Recycling is high on the global economic agenda, with governments across the world pledging increases in their recycling rates. However, success in reaching targets often relies on the input and effort of the household and consumer. This comparative study of household recycling in Sweden and England shows that by sorting their waste, consumers perform an integral role in the overall division of labour within waste management processes. 'Consumption work' has not been systematically explored as a distinctive form of labour, and this book argues that treating it seriously requires revision of the conventional approach to the division of labour. Exploring the shaping of this 'consumption work' by systems of provision and moral economies, Wheeler and Glucksmann reveal how consumers are differentially persuaded to contribute to recycling schemes.(Record numbers of Garbage Pickers), http://www.hsr.se/ (accessed 5 June 2013 ). HAyll Sverige Rent (2013c) ... Centre for Research in Economic Sociology and Innovation (CRESI) Working Paper 2012a02, University of Essex, Colchester, UK , anbsp;...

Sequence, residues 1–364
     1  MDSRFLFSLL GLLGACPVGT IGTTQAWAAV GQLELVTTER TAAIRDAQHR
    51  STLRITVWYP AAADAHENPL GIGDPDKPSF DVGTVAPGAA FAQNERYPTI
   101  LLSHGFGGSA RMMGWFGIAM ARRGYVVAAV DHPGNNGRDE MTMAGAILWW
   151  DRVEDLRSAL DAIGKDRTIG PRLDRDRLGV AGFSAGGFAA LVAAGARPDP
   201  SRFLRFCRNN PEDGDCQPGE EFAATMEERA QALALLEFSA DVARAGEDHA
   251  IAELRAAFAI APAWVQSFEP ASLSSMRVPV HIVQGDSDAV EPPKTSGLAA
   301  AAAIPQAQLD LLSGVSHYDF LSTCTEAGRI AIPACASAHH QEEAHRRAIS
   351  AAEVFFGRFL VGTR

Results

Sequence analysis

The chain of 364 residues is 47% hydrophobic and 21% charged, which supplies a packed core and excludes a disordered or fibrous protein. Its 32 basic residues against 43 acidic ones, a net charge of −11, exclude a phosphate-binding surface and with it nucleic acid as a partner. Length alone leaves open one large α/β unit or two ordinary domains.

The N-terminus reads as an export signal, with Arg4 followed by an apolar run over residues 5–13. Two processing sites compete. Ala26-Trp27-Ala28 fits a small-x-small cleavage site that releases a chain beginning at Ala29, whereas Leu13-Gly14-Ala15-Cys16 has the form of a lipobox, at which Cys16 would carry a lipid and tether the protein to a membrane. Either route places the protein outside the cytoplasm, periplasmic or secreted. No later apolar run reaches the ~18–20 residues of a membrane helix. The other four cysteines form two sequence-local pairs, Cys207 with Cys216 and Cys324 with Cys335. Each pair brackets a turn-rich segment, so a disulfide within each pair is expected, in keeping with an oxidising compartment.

|Title||:||Household Recycling and Consumption Work|
|Author||:||Kathryn Wheeler, Miriam Glucksmann|
|Publisher||:||Palgrave Macmillan - 2015-09-30|